After reading your post again, with a bit more attention this time, I notice you say one wall will form the boundary of your property. It would then fall under party wall legislation and may be a problem to build without special planning permission. I take it you do have planning permission already for your proposed original site ? If not, stop even thinking about building anything until you do.
A conservatory falls into two categories. Firstly you have what is refereed to as a glue on conservatory, which is just a glass covered patio area. It consists of a small foundation which takes the weight of the people walking on it, rather than the actual structural weight of the whole build. A glued on covered patio needs written consent of non-objection from neighbours who will be looking at the thing when they go into their own property, and is also regulated by drainage warrants for surface water soak away.
The second type of conservatory is totally different. This type of conservatory is called an added room to your existing property. Now adding a room to your property, as you can imagine, brings with it all sorts of regulation and legislation for ground support (foundations), structural height (the roofing material) and wall spanning (the size, shape and weight of the whole thing), all of which must be drawn on paper and submitted to your local planning department for approval. The local planning and building control people will inspect the site for any drainage problems, overlooked area problems (this is in case you have any pervs' about, remember the see through walls) and any conservation notices on the land Etc, Etc.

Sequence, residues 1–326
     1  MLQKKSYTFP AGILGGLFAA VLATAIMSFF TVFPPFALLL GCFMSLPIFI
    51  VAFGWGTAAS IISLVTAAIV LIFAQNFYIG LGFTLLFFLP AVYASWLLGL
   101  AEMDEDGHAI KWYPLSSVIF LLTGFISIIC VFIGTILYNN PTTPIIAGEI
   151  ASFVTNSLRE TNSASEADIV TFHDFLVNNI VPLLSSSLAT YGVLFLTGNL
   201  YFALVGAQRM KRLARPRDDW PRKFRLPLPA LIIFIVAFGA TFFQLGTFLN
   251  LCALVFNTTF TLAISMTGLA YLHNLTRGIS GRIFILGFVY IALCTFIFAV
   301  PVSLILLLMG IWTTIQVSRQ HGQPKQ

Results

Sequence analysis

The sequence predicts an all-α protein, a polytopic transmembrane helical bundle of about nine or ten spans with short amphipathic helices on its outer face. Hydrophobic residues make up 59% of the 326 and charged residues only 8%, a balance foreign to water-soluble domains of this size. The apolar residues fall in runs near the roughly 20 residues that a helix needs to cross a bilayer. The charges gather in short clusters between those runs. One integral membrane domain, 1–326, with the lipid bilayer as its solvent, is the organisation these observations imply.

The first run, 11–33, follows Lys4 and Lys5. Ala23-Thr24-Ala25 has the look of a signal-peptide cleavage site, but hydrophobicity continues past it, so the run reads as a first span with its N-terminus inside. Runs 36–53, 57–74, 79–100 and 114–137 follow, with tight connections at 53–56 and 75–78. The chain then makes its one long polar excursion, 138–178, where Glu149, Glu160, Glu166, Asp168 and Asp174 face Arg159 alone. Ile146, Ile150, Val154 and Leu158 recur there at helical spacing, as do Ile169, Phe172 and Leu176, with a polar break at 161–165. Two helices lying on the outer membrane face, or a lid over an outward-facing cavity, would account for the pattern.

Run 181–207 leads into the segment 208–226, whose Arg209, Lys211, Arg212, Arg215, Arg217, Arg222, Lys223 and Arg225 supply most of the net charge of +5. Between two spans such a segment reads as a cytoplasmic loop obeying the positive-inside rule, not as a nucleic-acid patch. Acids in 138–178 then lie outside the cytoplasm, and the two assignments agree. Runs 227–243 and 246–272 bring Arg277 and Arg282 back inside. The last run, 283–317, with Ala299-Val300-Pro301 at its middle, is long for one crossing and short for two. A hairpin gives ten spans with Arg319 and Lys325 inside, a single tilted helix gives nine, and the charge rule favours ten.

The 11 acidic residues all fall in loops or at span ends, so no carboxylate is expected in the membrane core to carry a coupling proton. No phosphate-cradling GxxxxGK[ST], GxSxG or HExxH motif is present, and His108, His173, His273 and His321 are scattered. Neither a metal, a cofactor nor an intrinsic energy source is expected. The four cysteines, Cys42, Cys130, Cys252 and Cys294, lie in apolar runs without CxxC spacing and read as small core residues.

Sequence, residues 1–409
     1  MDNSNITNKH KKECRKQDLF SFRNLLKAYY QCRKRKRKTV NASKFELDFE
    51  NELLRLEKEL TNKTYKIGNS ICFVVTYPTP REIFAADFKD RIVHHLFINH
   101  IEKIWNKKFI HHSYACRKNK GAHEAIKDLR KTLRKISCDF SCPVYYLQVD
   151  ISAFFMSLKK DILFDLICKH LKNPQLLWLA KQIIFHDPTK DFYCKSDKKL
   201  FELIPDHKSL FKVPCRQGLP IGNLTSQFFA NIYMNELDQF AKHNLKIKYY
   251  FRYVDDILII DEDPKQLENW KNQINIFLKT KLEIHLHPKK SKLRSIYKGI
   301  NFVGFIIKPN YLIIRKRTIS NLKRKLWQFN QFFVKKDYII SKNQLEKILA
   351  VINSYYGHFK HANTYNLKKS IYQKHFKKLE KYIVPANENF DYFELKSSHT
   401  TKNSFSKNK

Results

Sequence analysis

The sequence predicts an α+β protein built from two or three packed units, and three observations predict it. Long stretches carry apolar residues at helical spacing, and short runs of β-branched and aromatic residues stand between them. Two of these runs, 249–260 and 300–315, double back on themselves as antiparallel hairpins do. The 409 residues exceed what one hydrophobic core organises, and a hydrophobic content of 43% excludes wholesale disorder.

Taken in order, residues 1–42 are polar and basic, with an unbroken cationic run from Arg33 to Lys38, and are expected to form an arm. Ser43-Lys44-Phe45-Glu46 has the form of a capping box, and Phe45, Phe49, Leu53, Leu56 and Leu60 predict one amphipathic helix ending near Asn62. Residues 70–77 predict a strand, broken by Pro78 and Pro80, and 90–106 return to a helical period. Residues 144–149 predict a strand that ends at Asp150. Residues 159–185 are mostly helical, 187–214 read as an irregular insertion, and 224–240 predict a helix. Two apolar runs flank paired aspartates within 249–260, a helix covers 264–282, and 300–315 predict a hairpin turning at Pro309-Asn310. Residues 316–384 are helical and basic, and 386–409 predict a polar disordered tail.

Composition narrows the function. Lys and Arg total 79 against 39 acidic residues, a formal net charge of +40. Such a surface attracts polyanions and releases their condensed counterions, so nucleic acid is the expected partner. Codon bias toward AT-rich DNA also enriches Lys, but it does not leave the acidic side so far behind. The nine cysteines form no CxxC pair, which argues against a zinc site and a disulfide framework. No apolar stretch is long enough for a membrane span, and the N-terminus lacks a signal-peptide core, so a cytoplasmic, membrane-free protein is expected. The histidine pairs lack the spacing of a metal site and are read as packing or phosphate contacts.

Now you say you'd like to use the area as an actual dining "ROOM", and I emphasise "room", and therefore, you need to plan for fire break qualities, escape route plans, thermal regulation properties, floor structure design (remember, if it collapses while you have guest in it, it is a manslaughter charge) and insurance restriction for its security qualities.
So, after finding out in more detail what is actually involved, do you still plan to bang posts into the ground to take a few panes of glass and lay a couple of pallets on the ground with a plywood sheet over them ? My advice to you is, "you should now go to an actual company that does them for a living, and ask how they go about building one of these things". Put your mind at ease.